Now you must walk, bike, or take the tram along the route on the right to get to the Observation Tower

In 1976, you could drive the route. A nice hike is to take the tram to the Observation Tower and walk back along the Shark Valley Trail. That is were I took the pic of the miniature Key Deer

Of course, alligators are all over the place

On that same trip, we did a ranger boat tour from the Gulf Coast Visitor Center by Everglades City

And we camped in the Flamingo campground

In 2004, we did the Nine Mile Pond Canoe Trail

It was great fun paddling through the mangrove tunnels and marshes

You look for and follow the white poles, so you don’t get lost!

You never know what you may find –

I sunk about 1.5ft into the muck to take this photo


The Big Cypress National Preserve was only about ten minutes west on the Tamiami Trail (Rt 41). We have visited the Preserve many times as the Tamiami Trail, runs right through it. We have done the Loop Road (gravel) through the Preserve twice (2004 and 2009) – see Blog for April 2009, later in this posting for 2004

What is the difference between a National Park and a National Preserve?

Oasis Visitor Center posting of Birds, Mammals, Snakes/Lizards, Fish, Reptiles/Amphibians, Turtles, Flowers, Butterflies, and Dragon Flies seen here.

Keepers of the Swamp – Alligators

Be careful, alligators can run up to 15mph – can you?



We made a brief stop in Ochopee, which has the smallest Post Office in the U.S. Of course, we had to send the kids (grandkids) postcards from here.

Our next stop was the new Big Cypress Swamp Welcome Center near the west end of the preserve. The Halfway Creek Canoe Trail starts near there. I would like to paddle it to the Gulf Coast Vis Ctr someday.

Welcome Center

Alligator nest

The cold weather in the Gulf drove the manatees inland – lucky for us!


In 2004, we did the 10-mile Loop Road (gravel) through the Preserve and highly recommend that route. We stopped many times to view wildlife.

My favorite part was the Muck Walk over hammocks and through the swamp. Be sure to wear sturdy shoes covering your ankles or higher because the rough limestone underneath is potted and sharp. Also, watch out for snakes and alligators, tremendous biodiversity.

Helen’s favorited parts were the 1950s gas station and dumpster diving


Had dinner with Bev and Mike in Ft Myers and then stayed in a nice Fairfield Inn near the Tampa airport


1/24 F – Off at 7am, 4hrs to Fort St Marks National Historic Site, approved by Congress (1952) but FL did not donate the land. Therefore, currently, it is not a National Park Unit. It is now San Marcos de Apalache Historic State Park, however, it was known as Fort St. Marks by the English and Americans. Note the Spanish, English, American and Confederate flags.

The Spanish first built wooden buildings and a stockade in the late 17th and early 18th centuries here, which were destroyed by a hurricane. The stone fort was built beginning in 1753. It came under successive control by Great Britain, Spain, the United States and, lastly, the Confederacy during the Civil War. The Confederate Army built a Marine hospital from the materials of the fort. The US took control of the site again in 1865, and the fort site was abandoned. There is a $2 Museum admission.

In 1818, after Gen. Andrew Jackson defeated the British (War of 1812) in the Battle of New Orleans (1815), he took Fort San Marcos from the Spanish.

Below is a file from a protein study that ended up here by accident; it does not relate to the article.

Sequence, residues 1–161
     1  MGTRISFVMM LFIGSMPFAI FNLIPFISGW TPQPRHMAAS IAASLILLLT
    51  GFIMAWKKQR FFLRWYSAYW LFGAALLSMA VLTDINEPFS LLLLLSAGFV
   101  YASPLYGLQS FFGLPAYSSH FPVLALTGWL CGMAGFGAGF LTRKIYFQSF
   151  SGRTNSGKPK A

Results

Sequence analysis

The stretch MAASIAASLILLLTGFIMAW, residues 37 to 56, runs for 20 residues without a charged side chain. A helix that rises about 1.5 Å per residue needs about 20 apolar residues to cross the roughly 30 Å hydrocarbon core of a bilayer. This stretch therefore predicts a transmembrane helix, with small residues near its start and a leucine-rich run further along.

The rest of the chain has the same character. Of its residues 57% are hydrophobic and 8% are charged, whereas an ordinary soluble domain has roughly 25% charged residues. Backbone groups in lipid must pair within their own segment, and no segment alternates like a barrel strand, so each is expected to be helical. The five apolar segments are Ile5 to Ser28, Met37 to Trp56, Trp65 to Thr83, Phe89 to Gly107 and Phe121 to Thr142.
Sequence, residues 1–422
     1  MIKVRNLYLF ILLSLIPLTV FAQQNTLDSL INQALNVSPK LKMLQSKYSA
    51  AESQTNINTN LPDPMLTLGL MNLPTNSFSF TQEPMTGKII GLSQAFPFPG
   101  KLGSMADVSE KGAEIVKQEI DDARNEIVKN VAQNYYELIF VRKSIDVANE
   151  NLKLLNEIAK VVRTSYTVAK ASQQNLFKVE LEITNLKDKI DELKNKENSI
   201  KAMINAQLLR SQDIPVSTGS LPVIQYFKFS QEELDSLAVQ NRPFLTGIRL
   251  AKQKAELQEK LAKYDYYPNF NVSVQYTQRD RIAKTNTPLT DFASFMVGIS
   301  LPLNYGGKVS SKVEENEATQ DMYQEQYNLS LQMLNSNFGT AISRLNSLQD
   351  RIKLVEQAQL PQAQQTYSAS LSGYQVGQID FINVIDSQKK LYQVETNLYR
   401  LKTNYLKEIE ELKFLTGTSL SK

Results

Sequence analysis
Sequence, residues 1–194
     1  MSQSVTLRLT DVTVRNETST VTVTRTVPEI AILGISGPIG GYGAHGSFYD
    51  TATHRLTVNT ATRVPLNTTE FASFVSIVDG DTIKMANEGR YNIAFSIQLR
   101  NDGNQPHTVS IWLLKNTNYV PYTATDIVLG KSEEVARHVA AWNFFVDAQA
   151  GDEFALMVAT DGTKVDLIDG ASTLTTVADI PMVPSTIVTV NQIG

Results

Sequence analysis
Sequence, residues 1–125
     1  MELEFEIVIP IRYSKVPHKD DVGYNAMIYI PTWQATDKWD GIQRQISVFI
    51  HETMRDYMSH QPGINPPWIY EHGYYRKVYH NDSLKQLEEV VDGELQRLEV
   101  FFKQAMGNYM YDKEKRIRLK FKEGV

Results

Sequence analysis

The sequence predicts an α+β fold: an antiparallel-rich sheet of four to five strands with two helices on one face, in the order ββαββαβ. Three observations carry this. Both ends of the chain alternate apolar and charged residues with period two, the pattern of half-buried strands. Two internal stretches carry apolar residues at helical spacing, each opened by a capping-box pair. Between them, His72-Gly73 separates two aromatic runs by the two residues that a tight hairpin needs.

After two Seminole Wars and FL statehood in 1845, a hurricane destroyed the fort in 1851

The Union lands at St Marks – The Battle of Natural Bridge, March 6, 1865

We did the Historical Trail

We also visited the nearby St. Marks National Wildlife Refuge on the Gulf coast, south of Tallahassee


3.5hrs to Andersonville National Historic Site GA, stopped for a few more pics since it was on our way home. We did an extensive tour here in February 2017 – see Blog

Andersonville was a Confederate Prisoner of War Camp during the Civil War

Atrocious conditions

Deaths in Civil War Prisoner of War Camps – Confederate and Union, 58,000 men died in captivity!

This is also the location of the National Prisoner of War Museum.

The museum tells the story of the suffering of American soldiers over the past two centuries


Stayed in a Fairfield Inn in Warner Robins GA


1/25 Sat – Arrived at Ocmulgee National Historical Park 10min east of Macon GA at 8:45, 15min before the Vis Ctr opened

This site is one of many Mound Group sites around the Midwest

Artifacts found at this site go back over 10,000 years

Getting ready for a hike around the site

Start of hike, Great Temple Mound in distance

17,000 Years of Continuous Human Habitation!

First stop, the Earth Lodge

Iron Horse Desecration of the Mounds (1843 and 1873)

Great Temple Mound

View from top of Great Temple Mound looking NW toward Funeral Mound, Lesser Temple Mound, and the Trading Post Site

Descending the Great Temple Mound, Ocmulgee River below


3.5hrs to Chickamauga and Chattanooga National Military Park. Late summer 1863 the Confederates abandoned Chattanooga TN to the advancing Federals, the Confederates withdrew 26 miles to the SE, the Chickamauga battlefield (GA). The Union forces (~70,000), led by Maj. Gen William S. Rosecrans, followed. On September 19, 1863, the Confederates (~66,000), led by Gen. Braxton Bragg, attacked the Federals at Chickamauga and pushed them back into Chattanooga. They then occupied Missionary Ridge and Lookout Mountain, thereby preventing most Federal supplies from entering the city.